Was It Worth It?: CC Sabathia

CC vs BAL 2012 The top prizes of this year's free agent crop are 2 upper-echelon starting pitchers in their early 30s.  They're going to command a lot of money and they could command a lot of years from whatever team eventually lands them.  The Yankees are not expected to be seriously in the running for those 2 pitchers, in part because they're feeling the effects of their own-long term contract they gave out to an upper-echelon starter in his early 30s.  CC Sabathia has been the ace of the staff in name since signing before the 2009 season, and the ace in production from 2009-2012.  He's on the books for the next few years and may not be able to pitch a full season or pitch at all again.  So was it worth it?

The Deal- 8 years/$186 million, with a $25 million vesting option or a $5 million buyout for 2017.  Was originally signed as a 7-year/$161 deal on December 18, 2018, then re-done as a 5-year/$122 million extension on October 31, 2011 before his previously-negotiated opt-out clause kicked in.

The Setting- Sabathia was the hottest free agent available in a great class of free agents after having back-to-back monster seasons.  He won the AL Cy Young Award with the Indians in 2007, then pitched even better in 2008 split between the Indians and Milwaukee Brewers.  Sabathia was dealt at the trade deadline and carried the Brewers to the postseason for the first time since 1982, finishing 5th in the NL Cy Young voting and 6th in the MVP voting despite making just 17 starts for Milwaukee.  He was in his prime at age 28 and unquestionably the best starting pitcher in baseball.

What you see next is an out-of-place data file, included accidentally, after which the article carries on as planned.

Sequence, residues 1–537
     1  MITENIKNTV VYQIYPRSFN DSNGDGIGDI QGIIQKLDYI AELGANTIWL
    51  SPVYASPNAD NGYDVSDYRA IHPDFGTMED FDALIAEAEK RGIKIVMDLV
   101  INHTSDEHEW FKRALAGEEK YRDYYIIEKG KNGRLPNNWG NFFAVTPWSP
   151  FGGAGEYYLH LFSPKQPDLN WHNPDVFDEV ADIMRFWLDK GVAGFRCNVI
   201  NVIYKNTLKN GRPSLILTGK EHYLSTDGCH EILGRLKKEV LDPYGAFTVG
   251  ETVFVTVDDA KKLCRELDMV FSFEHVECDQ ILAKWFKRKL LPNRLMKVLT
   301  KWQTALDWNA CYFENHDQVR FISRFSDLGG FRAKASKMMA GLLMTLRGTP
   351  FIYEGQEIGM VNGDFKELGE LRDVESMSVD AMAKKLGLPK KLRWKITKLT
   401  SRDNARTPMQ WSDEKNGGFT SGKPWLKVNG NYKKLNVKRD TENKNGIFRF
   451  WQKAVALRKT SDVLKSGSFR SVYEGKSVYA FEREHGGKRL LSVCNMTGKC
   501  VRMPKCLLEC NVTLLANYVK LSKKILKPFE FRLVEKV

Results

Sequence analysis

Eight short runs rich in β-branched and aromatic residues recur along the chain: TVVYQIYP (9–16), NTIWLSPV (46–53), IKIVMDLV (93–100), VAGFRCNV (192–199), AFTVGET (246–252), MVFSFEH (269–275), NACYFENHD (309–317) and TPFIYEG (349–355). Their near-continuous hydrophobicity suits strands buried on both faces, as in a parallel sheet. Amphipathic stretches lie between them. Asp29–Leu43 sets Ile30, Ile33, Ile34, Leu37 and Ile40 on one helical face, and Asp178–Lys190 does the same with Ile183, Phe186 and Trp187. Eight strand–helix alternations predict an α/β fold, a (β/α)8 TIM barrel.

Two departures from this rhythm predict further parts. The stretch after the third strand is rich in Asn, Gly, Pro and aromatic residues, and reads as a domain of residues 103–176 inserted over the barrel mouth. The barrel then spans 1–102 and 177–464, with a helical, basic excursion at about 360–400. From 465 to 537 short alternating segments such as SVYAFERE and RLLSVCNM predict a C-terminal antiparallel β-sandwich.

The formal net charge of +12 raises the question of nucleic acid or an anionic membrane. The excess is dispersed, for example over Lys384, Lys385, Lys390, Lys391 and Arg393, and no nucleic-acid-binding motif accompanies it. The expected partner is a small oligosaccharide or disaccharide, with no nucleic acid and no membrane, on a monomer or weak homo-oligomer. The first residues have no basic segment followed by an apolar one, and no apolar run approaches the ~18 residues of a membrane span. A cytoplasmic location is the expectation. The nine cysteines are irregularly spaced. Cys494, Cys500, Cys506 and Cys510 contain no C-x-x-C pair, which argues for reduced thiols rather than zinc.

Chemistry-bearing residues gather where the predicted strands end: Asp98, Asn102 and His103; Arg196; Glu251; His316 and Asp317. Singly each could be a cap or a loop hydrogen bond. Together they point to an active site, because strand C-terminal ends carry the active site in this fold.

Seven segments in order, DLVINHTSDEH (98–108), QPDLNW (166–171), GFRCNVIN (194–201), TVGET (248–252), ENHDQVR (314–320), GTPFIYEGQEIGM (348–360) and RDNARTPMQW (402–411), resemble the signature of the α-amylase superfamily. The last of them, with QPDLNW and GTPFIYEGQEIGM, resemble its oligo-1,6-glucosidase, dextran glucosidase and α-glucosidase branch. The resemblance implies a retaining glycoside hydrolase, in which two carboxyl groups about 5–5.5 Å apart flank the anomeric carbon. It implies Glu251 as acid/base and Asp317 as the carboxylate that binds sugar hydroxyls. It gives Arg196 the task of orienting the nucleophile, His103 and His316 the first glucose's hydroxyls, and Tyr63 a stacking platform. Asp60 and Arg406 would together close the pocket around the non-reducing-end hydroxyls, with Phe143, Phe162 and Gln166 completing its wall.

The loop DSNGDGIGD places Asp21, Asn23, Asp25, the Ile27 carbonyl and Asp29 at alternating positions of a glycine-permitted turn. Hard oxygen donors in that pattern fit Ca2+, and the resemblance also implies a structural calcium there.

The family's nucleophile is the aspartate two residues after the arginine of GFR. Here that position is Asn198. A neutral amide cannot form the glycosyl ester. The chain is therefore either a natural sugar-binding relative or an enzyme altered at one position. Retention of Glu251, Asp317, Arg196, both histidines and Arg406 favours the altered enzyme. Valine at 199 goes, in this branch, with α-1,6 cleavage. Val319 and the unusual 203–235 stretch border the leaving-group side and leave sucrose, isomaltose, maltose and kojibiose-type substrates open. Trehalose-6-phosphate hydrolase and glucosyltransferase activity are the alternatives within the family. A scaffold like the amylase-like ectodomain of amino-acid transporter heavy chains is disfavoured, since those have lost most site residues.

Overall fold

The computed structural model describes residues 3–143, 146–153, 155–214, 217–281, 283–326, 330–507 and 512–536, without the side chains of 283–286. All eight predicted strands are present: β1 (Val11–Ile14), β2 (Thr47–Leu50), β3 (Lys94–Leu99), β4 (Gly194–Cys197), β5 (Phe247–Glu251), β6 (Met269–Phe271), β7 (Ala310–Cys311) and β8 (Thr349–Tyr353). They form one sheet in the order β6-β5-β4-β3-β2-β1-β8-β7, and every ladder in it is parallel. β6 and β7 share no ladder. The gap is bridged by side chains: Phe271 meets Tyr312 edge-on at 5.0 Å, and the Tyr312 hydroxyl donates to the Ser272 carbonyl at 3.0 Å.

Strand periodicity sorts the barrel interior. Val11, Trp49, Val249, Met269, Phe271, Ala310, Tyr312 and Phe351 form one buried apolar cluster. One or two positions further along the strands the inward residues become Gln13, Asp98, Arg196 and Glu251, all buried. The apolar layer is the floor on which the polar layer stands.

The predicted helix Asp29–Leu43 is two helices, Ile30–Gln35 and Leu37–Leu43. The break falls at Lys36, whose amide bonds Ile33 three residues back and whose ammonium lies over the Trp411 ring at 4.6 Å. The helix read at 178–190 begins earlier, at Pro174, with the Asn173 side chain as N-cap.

The First 4 Years: 2009-2012

  • Pitched to a 74-29 record with a 3.22/3.28/3.41 slash line and 821 K in 905.0 IP over 129 starts.
  • Among all MLB starting pitchers in this span, ranked 2nd in Wins, 3rd in IP, 6th in K, 19th in ERA, 14th in FIP, and 6th in fWAR (22.2).
  • Played in 3 All-Star Games ('10-'12), had 3 Top 4 Cy Young finishes ('09-'11), led the AL in wins twice ('09,'10), starts once ('10), and K/BB ratio once ('12).
  • Won 1 World Series title in 2009 and was the ALCS MVP.  Went 3-1 with a 1.98 ERA in 5 postseason starts (36.1 IP) in the '09 postseason.
  • Gave up 24 ER in 46.0 IP (4.70 ERA) over his next 9 postseason appearances from 2010-2012.
  • Made 33 or more starts and pitched 230.0 or more regular season innings every year from 2009-2011.  Made 28 starts and pitched 200.0 regular season innings in 2012.
  • Got paid $86.86 million in total salary.  According to FanGraphs' WAR value calculator, his 22.2 fWAR was worth $97.7 million.